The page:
These stories are always a great mix of smart intricate mystery & dry black humour. It’s full of moments that make you gasp, frequently followed by inappropriate laughter. Herron is a keen observer of the human condition & his depiction of David Cartwright’s battle with dementia somehow manages to be both poignant & hilarious. Even in his screwed up fictional world, you’ll recognize more than a kernel of reality as he satirizes politicians, government bureaucracy & public perceptions.

This one earns a spot on my “Top Ten” for 2016 (so far…) & I begin the long wait for book #5. If you’re a fan of Stuart MacBride or Jay Stringer, do yourself a favour & pick up “Slow Horses”. ( )
1 vote RowingRabbit | Sep 3, 2016 |
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A shakeup at MI5 and a terrorist attack on British soil set in motion clandestine machinery known to few modern spies. David Cartwright isn’t a modern spy, however; he’s legend and a bonafide Cold War hero. He’s also in his dotage and losing his mind to Alzheimer’s. His stories of “stotes” hiding in the bushes, following his every move have been dismissed by friends and family for years. Cartwright may be losing track of reality but he’s certain about one thing: Old spooks don't go quietly and neither do the secrets they keep.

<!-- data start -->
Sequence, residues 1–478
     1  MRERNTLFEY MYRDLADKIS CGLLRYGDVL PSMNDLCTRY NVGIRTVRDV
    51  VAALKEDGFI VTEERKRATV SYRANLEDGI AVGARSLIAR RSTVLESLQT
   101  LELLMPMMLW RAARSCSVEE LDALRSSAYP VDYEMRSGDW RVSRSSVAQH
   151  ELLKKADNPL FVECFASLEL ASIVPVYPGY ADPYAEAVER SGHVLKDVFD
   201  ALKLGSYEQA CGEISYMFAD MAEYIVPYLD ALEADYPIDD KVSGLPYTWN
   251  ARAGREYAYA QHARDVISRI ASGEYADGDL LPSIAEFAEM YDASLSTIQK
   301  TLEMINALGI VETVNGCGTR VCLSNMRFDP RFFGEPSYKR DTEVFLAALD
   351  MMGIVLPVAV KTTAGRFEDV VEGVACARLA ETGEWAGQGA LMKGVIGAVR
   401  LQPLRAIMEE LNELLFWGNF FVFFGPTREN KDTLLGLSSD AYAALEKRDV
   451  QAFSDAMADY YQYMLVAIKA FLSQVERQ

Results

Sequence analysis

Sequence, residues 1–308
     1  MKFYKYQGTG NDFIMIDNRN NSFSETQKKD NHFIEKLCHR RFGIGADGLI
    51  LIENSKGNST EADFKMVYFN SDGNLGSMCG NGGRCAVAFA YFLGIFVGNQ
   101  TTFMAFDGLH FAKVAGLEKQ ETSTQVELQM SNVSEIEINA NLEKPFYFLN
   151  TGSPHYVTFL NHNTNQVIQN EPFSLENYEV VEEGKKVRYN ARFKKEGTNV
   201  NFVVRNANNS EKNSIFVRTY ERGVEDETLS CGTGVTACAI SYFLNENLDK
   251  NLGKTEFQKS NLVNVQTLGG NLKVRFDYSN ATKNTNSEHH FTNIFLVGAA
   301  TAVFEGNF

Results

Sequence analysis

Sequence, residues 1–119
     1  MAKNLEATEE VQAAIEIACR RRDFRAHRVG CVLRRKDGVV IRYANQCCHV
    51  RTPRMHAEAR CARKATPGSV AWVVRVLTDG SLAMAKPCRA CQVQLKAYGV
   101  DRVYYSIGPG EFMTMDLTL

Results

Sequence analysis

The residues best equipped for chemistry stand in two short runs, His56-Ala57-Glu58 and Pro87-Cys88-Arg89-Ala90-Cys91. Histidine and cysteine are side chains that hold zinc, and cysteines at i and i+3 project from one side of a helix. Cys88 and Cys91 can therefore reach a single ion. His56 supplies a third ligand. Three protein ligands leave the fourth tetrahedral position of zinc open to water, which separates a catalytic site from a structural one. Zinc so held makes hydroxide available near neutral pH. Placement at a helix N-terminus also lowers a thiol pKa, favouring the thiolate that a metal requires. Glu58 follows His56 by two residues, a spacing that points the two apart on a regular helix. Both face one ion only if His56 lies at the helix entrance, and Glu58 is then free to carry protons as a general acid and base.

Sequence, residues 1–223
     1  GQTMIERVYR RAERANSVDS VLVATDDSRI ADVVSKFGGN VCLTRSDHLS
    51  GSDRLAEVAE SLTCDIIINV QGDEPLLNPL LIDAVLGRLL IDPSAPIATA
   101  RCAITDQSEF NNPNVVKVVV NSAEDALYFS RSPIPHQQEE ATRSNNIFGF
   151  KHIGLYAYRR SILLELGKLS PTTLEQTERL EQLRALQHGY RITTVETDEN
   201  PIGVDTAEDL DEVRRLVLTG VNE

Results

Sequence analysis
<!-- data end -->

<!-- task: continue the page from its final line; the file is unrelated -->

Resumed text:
What happens when an old spook loses his mind? Does the Service have a retirement home for those who know too many secrets but don’t remember they’re secret? Or does someone take care of the senile spy for good? These are the questions River Cartwright must ask when his grandfather, a Cold War–era operative, starts to forget to wear pants and begins to suspect everyone in his life has been sent by the Home Office to watch him.

But River has other things to worry about. A bomb has detonated in the middle of a busy shopping center and killed forty innocent civilians. The agents of Slough House have to figure out who is behind this act of terror before the situation escalates. Amazon